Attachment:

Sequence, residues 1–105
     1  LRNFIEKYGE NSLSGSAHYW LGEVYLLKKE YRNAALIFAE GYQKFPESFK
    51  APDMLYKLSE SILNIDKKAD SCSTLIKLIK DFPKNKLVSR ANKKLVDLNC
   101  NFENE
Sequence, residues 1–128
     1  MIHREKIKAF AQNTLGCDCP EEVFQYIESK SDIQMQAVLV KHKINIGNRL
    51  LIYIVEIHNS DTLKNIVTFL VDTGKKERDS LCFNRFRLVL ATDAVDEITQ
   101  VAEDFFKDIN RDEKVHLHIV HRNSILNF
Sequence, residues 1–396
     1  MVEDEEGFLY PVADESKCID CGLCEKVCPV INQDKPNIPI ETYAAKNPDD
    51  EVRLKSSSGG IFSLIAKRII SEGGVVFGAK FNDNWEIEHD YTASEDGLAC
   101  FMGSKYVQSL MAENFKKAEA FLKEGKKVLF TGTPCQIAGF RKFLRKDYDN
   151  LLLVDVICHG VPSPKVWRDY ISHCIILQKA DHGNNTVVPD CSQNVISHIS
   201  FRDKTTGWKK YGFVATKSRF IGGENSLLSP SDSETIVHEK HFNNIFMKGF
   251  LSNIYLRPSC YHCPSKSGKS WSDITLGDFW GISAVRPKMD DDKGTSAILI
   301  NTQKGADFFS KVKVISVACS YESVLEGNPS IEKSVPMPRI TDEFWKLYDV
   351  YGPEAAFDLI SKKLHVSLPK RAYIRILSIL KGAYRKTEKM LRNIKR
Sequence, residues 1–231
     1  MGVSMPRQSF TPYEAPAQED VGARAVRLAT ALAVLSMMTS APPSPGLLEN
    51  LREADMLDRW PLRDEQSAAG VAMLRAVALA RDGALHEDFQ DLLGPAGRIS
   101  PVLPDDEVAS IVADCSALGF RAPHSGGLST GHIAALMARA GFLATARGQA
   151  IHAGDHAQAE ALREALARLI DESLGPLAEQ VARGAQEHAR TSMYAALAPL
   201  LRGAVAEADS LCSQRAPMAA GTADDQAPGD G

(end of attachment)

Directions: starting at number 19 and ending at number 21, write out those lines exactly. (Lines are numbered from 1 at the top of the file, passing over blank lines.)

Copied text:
     1  MGVSMPRQSF TPYEAPAQED VGARAVRLAT ALAVLSMMTS APPSPGLLEN
    51  LREADMLDRW PLRDEQSAAG VAMLRAVALA RDGALHEDFQ DLLGPAGRIS
   101  PVLPDDEVAS IVADCSALGF RAPHSGGLST GHIAALMARA GFLATARGQA